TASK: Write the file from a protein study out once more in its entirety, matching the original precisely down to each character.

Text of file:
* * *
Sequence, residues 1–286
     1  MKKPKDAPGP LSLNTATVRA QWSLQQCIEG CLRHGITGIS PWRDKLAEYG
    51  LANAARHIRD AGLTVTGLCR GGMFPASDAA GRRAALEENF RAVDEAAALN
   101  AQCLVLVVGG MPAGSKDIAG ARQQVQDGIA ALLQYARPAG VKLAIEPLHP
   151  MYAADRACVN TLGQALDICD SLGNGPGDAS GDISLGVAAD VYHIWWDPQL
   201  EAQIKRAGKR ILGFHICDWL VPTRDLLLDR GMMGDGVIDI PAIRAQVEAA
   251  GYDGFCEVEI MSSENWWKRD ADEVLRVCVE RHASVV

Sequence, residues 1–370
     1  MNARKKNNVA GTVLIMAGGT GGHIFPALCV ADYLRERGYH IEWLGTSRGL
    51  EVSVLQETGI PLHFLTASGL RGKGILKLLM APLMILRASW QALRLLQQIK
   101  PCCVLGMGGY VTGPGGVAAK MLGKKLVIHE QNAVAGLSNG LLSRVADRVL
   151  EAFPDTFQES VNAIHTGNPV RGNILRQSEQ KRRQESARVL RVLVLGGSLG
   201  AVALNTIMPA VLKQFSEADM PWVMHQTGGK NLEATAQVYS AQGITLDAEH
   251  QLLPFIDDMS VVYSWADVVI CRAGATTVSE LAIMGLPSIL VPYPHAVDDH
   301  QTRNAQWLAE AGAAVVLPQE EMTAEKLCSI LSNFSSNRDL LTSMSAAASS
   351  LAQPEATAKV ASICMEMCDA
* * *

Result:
Sequence, residues 1–286
     1  MKKPKDAPGP LSLNTATVRA QWSLQQCIEG CLRHGITGIS PWRDKLAEYG
    51  LANAARHIRD AGLTVTGLCR GGMFPASDAA GRRAALEENF RAVDEAAALN
   101  AQCLVLVVGG MPAGSKDIAG ARQQVQDGIA ALLQYARPAG VKLAIEPLHP
   151  MYAADRACVN TLGQALDICD SLGNGPGDAS GDISLGVAAD VYHIWWDPQL
   201  EAQIKRAGKR ILGFHICDWL VPTRDLLLDR GMMGDGVIDI PAIRAQVEAA
   251  GYDGFCEVEI MSSENWWKRD ADEVLRVCVE RHASVV

Sequence, residues 1–370
     1  MNARKKNNVA GTVLIMAGGT GGHIFPALCV ADYLRERGYH IEWLGTSRGL
    51  EVSVLQETGI PLHFLTASGL RGKGILKLLM APLMILRASW QALRLLQQIK
   101  PCCVLGMGGY VTGPGGVAAK MLGKKLVIHE QNAVAGLSNG LLSRVADRVL
   151  EAFPDTFQES VNAIHTGNPV RGNILRQSEQ KRRQESARVL RVLVLGGSLG
   201  AVALNTIMPA VLKQFSEADM PWVMHQTGGK NLEATAQVYS AQGITLDAEH
   251  QLLPFIDDMS VVYSWADVVI CRAGATTVSE LAIMGLPSIL VPYPHAVDDH
   301  QTRNAQWLAE AGAAVVLPQE EMTAEKLCSI LSNFSSNRDL LTSMSAAASS
   351  LAQPEATAKV ASICMEMCDA